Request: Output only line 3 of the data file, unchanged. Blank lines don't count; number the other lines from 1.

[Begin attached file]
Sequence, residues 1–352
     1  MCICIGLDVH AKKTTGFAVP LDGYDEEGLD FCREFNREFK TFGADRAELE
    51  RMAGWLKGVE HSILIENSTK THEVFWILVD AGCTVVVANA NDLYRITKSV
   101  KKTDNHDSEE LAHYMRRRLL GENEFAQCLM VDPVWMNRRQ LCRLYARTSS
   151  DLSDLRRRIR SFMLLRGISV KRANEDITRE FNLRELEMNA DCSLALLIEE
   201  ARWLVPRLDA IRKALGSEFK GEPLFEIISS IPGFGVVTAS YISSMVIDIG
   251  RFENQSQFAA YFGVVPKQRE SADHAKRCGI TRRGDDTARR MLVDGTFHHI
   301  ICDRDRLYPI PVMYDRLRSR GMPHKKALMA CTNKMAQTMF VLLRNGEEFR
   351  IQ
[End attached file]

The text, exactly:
    51  RMAGWLKGVE HSILIENSTK THEVFWILVD AGCTVVVANA NDLYRITKSV